This summer, a new crop of medical school graduates started their specialty training, joining more than 10,000 resident doctors in Canada. They will soon discover the challenge of juggling life events, especially those requiring leave from work, while completing medical training.
The rigours of medical residency is no secret, and it’s not unique to Canada. In the United Kingdom, for example, some medical trainees in the National Health Service (NHS) have documented their “brutal” work conditions and the “petty tortures” they endure, including being denied leave to deal with important or traumatic personal issues. One NHS trainee, Dr. Joanna Poole, compiled a dossier of more than 400 testimonies of struggling junior doctors denied leave to attend funerals, to visit sick relatives, to get married, or for many other important events. Such treatment may explain, in part, why so many doctors are quitting the NHS.
The situation may not be as dire in Canada, but medical residents are still hesitant to request time away from work, even if their contracts allow it. “It’s tough for a resident to make the decision to take a leave,” said Sandi Carew, CEO of Maritime Resident Doctors, noting that doing so puts tremendous strain on the other residents in their programs. In smaller residency programs, this can be particularly difficult to manage, often requiring other staff to step in and take on extra work.
Last year, the threat of an unexpected en bloc departure of medical residents from Saudi Arabia was a wakeup call for program directors in Canada about how little slack there is to compensate for fluctuation in the resident workforce. “It pointed to the vulnerabilities in the system,” said Dr. Glen Bandiera, associate dean of postgraduate medical education at the University of Toronto.
In recent years, however, attitudes in medicine about taking personal leave have improved. There has been a growing focus in the profession on reducing burnout and improving physician health, both physical and mental. To reduce fatigue among medical residents, this shift has come with reductions in duty hours. Still, tensions remain between younger doctors seeking better work–life balance and some of their more senior colleagues.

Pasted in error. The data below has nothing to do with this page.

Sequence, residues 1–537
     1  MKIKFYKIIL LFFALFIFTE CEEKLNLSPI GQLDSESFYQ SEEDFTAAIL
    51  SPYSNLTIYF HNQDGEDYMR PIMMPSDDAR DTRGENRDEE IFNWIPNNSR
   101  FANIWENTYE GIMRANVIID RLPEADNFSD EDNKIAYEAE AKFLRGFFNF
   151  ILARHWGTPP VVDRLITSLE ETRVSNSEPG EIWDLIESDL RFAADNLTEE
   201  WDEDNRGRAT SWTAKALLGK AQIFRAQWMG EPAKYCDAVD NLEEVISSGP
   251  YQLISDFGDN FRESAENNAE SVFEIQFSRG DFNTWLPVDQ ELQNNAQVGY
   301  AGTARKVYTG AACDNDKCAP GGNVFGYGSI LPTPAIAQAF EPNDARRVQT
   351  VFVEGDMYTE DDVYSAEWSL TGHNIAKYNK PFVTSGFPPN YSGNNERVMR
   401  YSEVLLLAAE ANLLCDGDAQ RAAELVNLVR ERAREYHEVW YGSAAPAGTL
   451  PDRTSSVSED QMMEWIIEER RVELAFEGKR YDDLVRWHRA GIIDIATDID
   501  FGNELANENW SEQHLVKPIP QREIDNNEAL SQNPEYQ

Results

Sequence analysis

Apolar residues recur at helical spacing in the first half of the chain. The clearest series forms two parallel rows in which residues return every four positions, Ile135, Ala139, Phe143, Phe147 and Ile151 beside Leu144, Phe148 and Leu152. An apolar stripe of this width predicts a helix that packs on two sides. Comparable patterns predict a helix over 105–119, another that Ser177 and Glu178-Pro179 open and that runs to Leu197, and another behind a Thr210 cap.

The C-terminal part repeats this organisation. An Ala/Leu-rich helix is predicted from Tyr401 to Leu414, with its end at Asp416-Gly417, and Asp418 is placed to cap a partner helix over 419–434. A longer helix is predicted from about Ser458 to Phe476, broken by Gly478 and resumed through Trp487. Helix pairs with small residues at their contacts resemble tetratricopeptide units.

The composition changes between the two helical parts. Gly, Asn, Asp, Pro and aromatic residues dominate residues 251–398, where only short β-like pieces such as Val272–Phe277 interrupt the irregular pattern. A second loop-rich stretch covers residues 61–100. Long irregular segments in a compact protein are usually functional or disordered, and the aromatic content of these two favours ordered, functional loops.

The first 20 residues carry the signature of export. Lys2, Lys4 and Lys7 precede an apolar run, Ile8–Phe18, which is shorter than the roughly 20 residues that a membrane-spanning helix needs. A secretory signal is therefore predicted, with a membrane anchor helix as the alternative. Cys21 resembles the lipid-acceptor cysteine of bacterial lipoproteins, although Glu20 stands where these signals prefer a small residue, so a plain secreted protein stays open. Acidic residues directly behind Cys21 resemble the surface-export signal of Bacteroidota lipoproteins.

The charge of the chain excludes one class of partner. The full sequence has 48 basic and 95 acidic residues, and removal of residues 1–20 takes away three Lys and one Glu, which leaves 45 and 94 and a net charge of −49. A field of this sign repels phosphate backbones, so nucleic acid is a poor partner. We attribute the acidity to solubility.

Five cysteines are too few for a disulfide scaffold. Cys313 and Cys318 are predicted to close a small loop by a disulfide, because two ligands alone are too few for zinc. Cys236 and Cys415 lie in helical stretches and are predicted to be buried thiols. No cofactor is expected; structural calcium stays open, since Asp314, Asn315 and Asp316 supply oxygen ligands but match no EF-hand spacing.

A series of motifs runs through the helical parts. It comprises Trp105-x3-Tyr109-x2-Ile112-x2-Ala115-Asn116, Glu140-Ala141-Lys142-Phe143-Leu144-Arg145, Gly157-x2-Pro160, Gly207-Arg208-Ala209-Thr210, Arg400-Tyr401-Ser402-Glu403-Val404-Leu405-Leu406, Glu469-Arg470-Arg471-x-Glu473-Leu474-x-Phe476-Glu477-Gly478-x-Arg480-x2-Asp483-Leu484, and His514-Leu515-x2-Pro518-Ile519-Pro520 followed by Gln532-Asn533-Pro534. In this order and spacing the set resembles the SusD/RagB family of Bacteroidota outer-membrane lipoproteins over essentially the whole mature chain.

“There will be a generational difference. The medical students, the residents, now are being told from the very beginning to ask for help, to take the time off that they need, to attend to their personal needs, which of course they should be told,” said Dr. Julie Maggi, director of the Postgraduate Wellness Office at the University of Toronto. “But they probably, if I had to guess, are up against a system of people from our generation where it’s not what we did.”
Medical students have more flexibility than residents when it comes to taking leave, since they can cover missed teaching material in various ways, including catching up online. Medical schools will also sometimes accommodate schedule changes, although 3-year programs have less flexibility than 4-year programs. Still, many medical students, like medical residents, are reluctant to take leave for personal reasons.
As a medical student, “you have no idea what is happening with your life,” said Stephanie Smith, president of the Canadian Federation of Medical Students. “Students are very hesitant to ask for time off … they don’t want to look like they are weak.” It is also hard to plan ahead for important personal events because medical students don’t know their schedules until the last minute, added Smith.
It’s not that staff at medical schools aren’t supportive of students facing personal issues, noted Smith. For the most part, she said, a medical program “will do everything they can to help you.” But a supportive environment doesn’t mean students will seek leave, even if they should.
“People are hesitant to ask for time off, especially when you are on a core rotation,” said Smith. “We worry about the image that we have; perception is everything … and that is going to impact how people make decisions.”
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